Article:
A look inside your typical malware campaign.In an optimal scenario, when you get infected with malware, you think it’s only one virus. Unfortunately, in the real world it’s not so, and security analysts from Heimdal Security have unveiled details about a malware campaign that starts with infostealers, goes through exploit kits, and finishes with computers being locked down with ransomware.
The whole nightmare scenario begins when users are infected with the Pony infostealer, a malware strand specialized in discovering and stealing user credentials. These can be local computer or network authentication logins, FTP credentials, or the various user & password combos stored inside your browsers.
Using FTP details exfiltrated using Pony, the criminals behind this campaign are accessing the victims’ online websites, and injecting malicious code in key files.
This malicious code secretly redirects all that website’s users to a malicious page where an exploit kit is hosted. Exploit kits, or crimekits, will perform a series of checks on all users that land on their page, and detect any vulnerable software.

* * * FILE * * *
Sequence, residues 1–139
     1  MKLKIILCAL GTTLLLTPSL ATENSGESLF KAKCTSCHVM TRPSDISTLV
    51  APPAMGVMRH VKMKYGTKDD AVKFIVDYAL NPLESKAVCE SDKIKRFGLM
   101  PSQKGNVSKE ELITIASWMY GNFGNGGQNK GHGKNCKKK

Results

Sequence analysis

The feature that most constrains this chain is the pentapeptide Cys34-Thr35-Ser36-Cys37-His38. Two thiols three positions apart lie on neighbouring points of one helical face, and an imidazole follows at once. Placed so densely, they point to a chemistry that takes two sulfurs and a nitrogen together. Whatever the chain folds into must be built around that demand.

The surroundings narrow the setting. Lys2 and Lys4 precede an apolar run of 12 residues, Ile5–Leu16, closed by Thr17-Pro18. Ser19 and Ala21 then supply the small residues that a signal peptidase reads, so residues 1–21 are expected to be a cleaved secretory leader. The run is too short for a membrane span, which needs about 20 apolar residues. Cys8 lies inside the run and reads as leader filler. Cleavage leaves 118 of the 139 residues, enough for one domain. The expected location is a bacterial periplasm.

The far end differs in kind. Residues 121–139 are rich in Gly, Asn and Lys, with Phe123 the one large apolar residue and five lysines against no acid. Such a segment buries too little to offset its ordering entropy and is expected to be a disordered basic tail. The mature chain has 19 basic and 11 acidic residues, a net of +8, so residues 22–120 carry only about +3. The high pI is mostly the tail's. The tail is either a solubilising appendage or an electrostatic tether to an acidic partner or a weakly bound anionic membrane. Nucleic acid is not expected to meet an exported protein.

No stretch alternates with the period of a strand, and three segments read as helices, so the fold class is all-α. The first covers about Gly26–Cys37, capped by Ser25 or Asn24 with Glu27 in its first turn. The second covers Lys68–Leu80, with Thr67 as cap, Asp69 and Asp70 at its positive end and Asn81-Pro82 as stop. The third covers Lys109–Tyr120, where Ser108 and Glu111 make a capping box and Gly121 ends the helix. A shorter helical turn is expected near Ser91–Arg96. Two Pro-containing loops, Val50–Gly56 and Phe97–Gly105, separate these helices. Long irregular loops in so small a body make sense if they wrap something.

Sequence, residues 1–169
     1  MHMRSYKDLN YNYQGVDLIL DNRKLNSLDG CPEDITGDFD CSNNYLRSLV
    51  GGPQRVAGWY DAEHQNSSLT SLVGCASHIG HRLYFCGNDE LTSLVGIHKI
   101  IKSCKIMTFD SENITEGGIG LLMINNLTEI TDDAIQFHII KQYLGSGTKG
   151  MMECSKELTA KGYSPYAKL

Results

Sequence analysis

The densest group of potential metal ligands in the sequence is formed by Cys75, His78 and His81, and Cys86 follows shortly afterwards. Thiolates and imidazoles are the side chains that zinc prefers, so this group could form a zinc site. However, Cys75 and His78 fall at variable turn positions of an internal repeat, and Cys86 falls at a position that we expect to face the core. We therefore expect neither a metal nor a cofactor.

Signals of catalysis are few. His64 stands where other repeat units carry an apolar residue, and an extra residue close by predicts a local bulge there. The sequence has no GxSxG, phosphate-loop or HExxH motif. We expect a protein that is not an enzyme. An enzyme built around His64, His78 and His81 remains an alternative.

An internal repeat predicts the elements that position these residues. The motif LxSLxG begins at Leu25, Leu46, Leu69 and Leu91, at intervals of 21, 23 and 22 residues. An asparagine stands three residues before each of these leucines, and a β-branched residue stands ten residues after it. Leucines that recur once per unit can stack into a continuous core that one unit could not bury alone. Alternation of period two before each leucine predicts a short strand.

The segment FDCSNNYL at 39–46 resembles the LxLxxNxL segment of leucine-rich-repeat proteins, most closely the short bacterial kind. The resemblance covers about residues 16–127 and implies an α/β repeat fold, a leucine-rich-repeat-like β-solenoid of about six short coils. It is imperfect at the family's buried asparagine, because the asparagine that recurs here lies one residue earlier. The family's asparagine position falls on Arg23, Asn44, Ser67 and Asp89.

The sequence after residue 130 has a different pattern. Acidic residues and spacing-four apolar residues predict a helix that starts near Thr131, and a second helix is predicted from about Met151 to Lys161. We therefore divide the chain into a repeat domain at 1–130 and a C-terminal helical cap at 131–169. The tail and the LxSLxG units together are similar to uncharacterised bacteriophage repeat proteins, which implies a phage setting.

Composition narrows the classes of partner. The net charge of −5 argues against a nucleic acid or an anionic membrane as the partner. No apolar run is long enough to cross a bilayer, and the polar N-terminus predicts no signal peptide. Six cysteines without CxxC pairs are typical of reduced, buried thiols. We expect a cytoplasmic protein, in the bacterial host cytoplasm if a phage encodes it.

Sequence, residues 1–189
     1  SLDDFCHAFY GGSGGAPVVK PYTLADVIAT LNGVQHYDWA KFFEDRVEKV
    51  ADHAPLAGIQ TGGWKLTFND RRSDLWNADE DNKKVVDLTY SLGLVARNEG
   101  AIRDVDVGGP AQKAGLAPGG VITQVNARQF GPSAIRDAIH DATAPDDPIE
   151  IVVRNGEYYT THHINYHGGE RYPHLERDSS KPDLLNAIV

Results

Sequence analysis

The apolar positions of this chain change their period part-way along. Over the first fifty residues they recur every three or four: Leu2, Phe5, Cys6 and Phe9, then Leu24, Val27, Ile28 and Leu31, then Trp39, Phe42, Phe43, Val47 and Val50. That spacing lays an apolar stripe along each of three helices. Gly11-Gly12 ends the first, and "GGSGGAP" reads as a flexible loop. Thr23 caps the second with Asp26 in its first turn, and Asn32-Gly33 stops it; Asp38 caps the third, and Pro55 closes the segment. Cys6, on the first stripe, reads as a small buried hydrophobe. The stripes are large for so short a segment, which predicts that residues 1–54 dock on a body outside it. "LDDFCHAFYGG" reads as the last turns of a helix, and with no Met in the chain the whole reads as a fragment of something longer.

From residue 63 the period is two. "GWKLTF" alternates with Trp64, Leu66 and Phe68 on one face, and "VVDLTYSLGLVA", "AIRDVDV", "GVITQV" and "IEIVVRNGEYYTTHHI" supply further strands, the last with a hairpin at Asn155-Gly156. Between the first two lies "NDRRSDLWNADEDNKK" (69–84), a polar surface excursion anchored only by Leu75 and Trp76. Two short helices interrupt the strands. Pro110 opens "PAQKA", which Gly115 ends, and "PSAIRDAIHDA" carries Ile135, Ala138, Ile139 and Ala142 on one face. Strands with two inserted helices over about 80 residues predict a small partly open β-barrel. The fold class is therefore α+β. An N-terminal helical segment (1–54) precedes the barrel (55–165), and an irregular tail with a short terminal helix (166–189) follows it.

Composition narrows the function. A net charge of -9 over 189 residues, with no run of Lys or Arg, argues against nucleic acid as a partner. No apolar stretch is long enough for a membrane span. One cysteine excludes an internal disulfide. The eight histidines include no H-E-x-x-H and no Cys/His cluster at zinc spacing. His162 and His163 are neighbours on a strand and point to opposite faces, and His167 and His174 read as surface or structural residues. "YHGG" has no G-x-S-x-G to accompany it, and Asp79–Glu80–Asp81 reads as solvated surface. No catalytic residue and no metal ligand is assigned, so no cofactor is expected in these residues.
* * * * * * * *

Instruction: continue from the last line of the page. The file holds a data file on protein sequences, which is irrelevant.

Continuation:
Final payload: CryptoWall 4.0 ransomware
Since the Angler exploit kit is detected in this campaign, if the user has vulnerable Flash, Java, or Microsoft software installed, he will get infected with other types of malware, and in this case, the CryptoWall 4.0 ransomware.
This is where the campaign ends, and where criminals start making money, with most of the users ending up by paying the ransom to recover their files.
“Not even a month has passed since we announced the advent of CryptoWall 4.0 and its improved communication and capabilities and it’s already being used in campaigns,” Heimdal Security’s Andra Zaharia notes. “Attackers move fast, they are resourceful, they understand market trends and are able to capitalize on zero days and other vulnerabilities.”
According to Heimdal Security’s investigation, most of the exploit kits are hosted on a series of pages tied to six major domains, all hosted on the infrastructure of a Ukrainian Web hosting provider, known to ignore takedown requests.
Scale of the campaign, centered around six domains
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